Another contributing sector to the country’s national income is foreign remittance which is generated by the hardship of our expatriate workers. It is known to many that there is a huge requirement for migrant workers in the Middle-East countries including Malaysia, Singapore, Hong Kong, Italy, Greece, Austria, South Korea, and South Africa. This is to say that our expatriate workers are mostly manual laborers. Enduring physical and mental agony they send their hard-earned money to the country. After the outbreak of the Covid-19 pandemic, the living reality of the expatriate workers has been found miserable as many had faced forceful discontinuance by their recruiting authorities, and some of them experienced a ban over the transition. As the overseas recruitment policies of the respective countries fairly change, so complying with the reformed as well as newly adopted policies our migrant workers hardly draw a moderate salary for their bread and butter. Therefore, in the face of multiple adversities and challenges, many migrant workers remain engaged with backbreaking jobs, and sometimes a good number of them are shattered by their dream to make handsome money.

Particular initiatives along with comprehensive policies need to adopt for the ground betterment of our expatriate workers on how they can work comparatively in a congenial environment, and compete with the other expatriate workers from the other parts of the world in respect of exerting quality labor. In the case of returnee migrant workers, we have not witnessed any suitable initiatives and integrated planning to mobilize them and provide them with money-generating facilities anew. Consequently, many migrant workers have not only lost their jobs and capital but also lost their dream. Effective and prudent measures must come up with adequate monetary support and alternative sources of money generation for them in the country. A complete record of the returnee migrant workers should be maintained in respect of allocating aid orderly and practically so that they are truly helped with the steps concerned with their financial recovery and new deployment.

Bangladesh has to think of creating substitute economic sectors alongside the existing wings like —migrant workers and the garment industry. At least the country should possess five other robust economic sectors except the prior two to keep consistency with the flow of the national earnings and keep pace with the global economic trend. Since Bangladesh has graduated from the status of a least developed country (LDC), it has numerous challenging issues ahead. In this circumstance, policymakers and economic think tanks must take steps forward to address and determine the other core wings for generating gross income rigorously and strengthening the country’s national capacity. And the predetermined two sectors of receiving foreign currency should be reshaped and shuffled and must come under specific guidelines and pragmatic policies to sustain balanced economic growth and promote total national income.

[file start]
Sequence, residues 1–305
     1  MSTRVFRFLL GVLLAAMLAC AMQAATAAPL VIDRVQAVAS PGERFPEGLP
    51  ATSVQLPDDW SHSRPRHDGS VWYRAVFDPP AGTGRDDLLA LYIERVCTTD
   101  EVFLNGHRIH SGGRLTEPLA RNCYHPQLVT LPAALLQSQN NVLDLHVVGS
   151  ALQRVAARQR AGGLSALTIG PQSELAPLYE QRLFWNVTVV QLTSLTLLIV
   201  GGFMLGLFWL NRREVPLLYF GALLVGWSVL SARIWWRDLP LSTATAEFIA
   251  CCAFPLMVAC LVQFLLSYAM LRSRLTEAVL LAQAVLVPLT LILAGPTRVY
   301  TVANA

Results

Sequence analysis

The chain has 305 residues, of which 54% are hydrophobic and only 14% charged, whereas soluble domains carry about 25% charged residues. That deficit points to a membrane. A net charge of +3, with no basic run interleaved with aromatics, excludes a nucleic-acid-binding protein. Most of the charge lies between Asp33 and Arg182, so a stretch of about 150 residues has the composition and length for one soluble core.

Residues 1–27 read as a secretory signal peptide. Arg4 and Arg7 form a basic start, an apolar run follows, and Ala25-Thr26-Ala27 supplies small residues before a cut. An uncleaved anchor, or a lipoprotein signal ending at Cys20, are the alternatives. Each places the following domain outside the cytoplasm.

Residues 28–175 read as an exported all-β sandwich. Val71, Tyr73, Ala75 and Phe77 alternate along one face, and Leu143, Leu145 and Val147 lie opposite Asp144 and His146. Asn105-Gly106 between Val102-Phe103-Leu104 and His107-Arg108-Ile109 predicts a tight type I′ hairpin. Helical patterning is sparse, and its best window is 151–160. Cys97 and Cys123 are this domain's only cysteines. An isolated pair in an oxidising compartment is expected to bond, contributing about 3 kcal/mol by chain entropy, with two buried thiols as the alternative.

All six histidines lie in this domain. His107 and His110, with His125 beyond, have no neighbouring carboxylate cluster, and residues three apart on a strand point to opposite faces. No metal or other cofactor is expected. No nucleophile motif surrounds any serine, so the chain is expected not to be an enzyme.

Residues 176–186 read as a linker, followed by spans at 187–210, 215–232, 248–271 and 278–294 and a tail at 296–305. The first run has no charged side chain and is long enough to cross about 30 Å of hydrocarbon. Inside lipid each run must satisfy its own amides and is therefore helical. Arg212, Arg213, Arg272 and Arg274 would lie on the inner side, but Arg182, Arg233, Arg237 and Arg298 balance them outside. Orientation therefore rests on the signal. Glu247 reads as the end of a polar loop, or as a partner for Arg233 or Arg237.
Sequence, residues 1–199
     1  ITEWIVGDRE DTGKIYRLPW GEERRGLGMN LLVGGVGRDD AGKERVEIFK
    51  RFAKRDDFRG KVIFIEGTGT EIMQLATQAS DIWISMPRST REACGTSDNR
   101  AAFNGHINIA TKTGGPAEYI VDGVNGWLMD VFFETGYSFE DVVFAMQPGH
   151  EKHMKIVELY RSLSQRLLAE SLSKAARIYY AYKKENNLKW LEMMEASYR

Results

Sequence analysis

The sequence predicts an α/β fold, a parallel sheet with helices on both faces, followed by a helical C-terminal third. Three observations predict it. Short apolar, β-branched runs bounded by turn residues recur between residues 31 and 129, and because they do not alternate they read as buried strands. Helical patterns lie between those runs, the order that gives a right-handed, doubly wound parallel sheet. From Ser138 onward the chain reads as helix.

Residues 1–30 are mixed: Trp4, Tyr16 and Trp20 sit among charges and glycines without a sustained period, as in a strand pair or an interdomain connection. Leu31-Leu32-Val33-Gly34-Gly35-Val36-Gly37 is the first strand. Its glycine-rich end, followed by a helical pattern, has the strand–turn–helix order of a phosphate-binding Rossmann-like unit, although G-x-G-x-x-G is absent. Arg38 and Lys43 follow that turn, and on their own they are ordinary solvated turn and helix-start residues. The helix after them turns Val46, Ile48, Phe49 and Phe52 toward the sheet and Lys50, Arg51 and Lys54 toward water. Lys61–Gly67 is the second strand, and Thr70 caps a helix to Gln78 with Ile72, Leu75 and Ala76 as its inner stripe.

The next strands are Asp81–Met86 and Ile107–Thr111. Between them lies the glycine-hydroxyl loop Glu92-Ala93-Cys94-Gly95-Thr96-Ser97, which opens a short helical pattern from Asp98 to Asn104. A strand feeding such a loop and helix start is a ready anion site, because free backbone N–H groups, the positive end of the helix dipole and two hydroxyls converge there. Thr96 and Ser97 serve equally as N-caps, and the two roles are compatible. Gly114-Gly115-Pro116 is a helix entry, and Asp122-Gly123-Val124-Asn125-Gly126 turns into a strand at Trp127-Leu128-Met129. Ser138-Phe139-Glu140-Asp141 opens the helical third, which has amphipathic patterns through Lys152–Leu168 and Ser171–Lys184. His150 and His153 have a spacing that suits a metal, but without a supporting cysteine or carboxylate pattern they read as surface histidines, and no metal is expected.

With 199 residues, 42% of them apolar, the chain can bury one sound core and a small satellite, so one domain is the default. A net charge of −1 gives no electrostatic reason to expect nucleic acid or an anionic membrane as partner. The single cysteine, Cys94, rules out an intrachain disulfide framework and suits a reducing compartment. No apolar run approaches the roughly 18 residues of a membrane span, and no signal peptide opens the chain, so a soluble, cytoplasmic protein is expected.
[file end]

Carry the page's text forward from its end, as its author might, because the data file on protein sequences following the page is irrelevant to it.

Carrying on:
Bangladesh is approaching fast towards the fourth industrial revolution (4IR) which highly requires a set of market-driven unique criteria to face the multifarious challenges in a bid to cope with the global competition, and forthcoming trade war. To embrace the inevitable perceptiveness of becoming a middle-income country, and to keep the tempo with the planned development, the building of national capacity is substantial. So, comprehensive and integrated changes in the policies might be brought to make humans worthy capital and ensure optimal utilization of natural resources. By the way, structuring economic capacity by introducing substitutional sectors on the ground of intense necessity should be the country’s top priority as well as the prime concern.

 

The writer is an academic

and development counselor.

E-mail: [email protected]